The beta version of Microsoft AntiSpyware previously recommended that users quarantine several products from Claria, but this changed last week.
According to a statement published by Microsoft, the downgrade in threat level merely represents an effort to be "fair and consistent with how Windows AntiSpyware (Beta) handles similar software from other vendors."
The news comes at a sensitive time, as Microsoft is.
The beta version of Microsoft AntiSpyware previously recommended users quarantine several products from Claria (previously known as Gator), but security researchers discovered earlier this month that Redmond had changed those classifications. Users now receive messages to ignore the products.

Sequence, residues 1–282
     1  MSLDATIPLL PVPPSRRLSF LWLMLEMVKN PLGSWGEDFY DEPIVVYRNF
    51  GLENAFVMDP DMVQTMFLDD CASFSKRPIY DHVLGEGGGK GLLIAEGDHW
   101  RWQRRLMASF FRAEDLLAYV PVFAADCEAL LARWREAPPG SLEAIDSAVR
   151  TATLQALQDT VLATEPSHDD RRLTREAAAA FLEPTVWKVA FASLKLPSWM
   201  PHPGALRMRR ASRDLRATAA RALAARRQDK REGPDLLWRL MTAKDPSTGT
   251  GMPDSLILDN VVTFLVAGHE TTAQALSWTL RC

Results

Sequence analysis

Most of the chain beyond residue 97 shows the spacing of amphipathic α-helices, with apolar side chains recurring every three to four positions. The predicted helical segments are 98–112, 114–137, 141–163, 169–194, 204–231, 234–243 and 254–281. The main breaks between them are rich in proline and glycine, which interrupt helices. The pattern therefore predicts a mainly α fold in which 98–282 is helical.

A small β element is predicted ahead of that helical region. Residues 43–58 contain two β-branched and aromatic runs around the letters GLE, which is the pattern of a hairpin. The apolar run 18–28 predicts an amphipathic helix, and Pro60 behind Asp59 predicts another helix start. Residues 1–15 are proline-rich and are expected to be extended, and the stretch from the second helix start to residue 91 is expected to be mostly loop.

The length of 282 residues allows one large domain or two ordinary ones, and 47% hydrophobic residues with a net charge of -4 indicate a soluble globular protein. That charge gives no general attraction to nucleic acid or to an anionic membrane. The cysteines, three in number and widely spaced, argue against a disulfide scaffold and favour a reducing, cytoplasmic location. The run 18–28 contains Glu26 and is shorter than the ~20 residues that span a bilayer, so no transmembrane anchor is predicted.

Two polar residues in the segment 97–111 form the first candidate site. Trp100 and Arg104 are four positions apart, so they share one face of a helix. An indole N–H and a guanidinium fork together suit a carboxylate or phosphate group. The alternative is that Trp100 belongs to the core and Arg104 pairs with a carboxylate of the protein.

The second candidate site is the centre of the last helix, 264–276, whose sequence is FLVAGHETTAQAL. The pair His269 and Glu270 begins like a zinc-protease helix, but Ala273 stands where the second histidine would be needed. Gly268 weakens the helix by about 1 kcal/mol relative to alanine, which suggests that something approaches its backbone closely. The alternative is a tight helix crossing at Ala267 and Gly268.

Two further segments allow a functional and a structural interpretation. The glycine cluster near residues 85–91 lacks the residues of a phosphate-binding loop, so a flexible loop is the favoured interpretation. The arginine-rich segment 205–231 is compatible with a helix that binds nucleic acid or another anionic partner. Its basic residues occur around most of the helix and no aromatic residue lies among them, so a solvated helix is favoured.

"All software is reviewed under the same objective criteria, detection policies and analysis process," Microsoft said. "Absolutely no exceptions were made for Claria.
"Windows AntiSpyware (Beta) continues to notify our users when Claria software is found on a computer, and it offers our users the option to remove the software if they desire...We firmly believe that people should have complete control over what runs on their computers."
Renai LeMay of ZDNet Australia reported from Sydney.